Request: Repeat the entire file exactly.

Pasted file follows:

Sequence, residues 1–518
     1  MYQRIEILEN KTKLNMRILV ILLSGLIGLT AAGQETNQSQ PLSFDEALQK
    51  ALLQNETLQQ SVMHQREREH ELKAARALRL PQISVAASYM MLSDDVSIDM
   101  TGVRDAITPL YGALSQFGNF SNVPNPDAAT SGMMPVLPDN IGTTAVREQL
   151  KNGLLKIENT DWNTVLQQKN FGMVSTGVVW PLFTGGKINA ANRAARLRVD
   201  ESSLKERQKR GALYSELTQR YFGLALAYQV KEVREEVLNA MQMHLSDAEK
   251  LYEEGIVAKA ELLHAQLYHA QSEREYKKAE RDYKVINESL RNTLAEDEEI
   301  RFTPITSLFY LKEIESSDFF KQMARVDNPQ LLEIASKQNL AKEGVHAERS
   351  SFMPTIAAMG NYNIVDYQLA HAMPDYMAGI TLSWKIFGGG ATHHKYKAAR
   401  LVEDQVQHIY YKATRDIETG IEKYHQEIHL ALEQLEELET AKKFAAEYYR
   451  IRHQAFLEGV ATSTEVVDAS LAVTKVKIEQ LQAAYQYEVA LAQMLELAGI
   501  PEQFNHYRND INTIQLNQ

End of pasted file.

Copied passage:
Sequence, residues 1–518
     1  MYQRIEILEN KTKLNMRILV ILLSGLIGLT AAGQETNQSQ PLSFDEALQK
    51  ALLQNETLQQ SVMHQREREH ELKAARALRL PQISVAASYM MLSDDVSIDM
   101  TGVRDAITPL YGALSQFGNF SNVPNPDAAT SGMMPVLPDN IGTTAVREQL
   151  KNGLLKIENT DWNTVLQQKN FGMVSTGVVW PLFTGGKINA ANRAARLRVD
   201  ESSLKERQKR GALYSELTQR YFGLALAYQV KEVREEVLNA MQMHLSDAEK
   251  LYEEGIVAKA ELLHAQLYHA QSEREYKKAE RDYKVINESL RNTLAEDEEI
   301  RFTPITSLFY LKEIESSDFF KQMARVDNPQ LLEIASKQNL AKEGVHAERS
   351  SFMPTIAAMG NYNIVDYQLA HAMPDYMAGI TLSWKIFGGG ATHHKYKAAR
   401  LVEDQVQHIY YKATRDIETG IEKYHQEIHL ALEQLEELET AKKFAAEYYR
   451  IRHQAFLEGV ATSTEVVDAS LAVTKVKIEQ LQAAYQYEVA LAQMLELAGI
   501  PEQFNHYRND INTIQLNQ